The total capital invested in the business interests of Crete is placed at $600,000.

*Written by D. B. Perry, Crete, Neb.

Long before Nebraska became a State, efforts were put forth which had for their object the founding of Christian schools. At the General Association of Congregational Churches gathered at Omaha June 7, 1872, the Committee on Education made an earnest plea in behalf of a Christian College. The outcome of the action of the Association was Doane College, located at Crete, seventy-five miles west of the Missouri. A Preparatory Department was at once opened--September, 1872--and in one year the first Freshman class was entered.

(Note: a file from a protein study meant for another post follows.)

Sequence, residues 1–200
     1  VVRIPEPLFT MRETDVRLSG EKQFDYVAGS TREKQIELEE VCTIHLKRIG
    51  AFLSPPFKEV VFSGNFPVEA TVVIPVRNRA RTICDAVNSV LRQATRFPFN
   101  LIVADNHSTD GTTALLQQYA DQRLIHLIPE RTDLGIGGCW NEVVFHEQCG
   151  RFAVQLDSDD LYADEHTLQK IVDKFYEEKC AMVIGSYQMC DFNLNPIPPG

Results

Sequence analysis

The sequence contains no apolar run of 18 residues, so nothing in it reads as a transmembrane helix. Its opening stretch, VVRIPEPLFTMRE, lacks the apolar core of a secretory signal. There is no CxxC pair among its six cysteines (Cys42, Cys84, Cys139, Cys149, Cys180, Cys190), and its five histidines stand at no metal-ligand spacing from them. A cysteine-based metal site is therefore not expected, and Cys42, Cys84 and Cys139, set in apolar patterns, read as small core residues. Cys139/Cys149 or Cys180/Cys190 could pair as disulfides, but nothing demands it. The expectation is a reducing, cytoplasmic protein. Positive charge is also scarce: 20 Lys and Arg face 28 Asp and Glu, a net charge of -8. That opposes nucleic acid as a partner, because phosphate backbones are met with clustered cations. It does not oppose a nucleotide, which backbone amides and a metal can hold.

The growth of the institution has been constant and healthy. There were fifteen students and one teacher the first year; forty students and two teachers the second, sixty students and three teachers the third. The annual attendance at present is nearly one hundred and fifty, with seven teachers. There has been a corresponding increase of funds and facilities for imparting instruction. The property of the College is $35,000, permanent endowment; fifty town lots in Crete; 600 acres of valuable land adjoining the city of Crete; 200 acres of land in Polk County; besides two College buildings with their furnishings, the earlier building known as the academy, costing $7,000, and the later, Merrill Hall, $13,000. Both of these are free from debt, except the latter, on which there is still a debt of $3,000. This debt is being extinguished by the voluntary contributions of the friends of education in Nebraska. At the same time, the permanent endowments are being increased by efforts put forth in the East.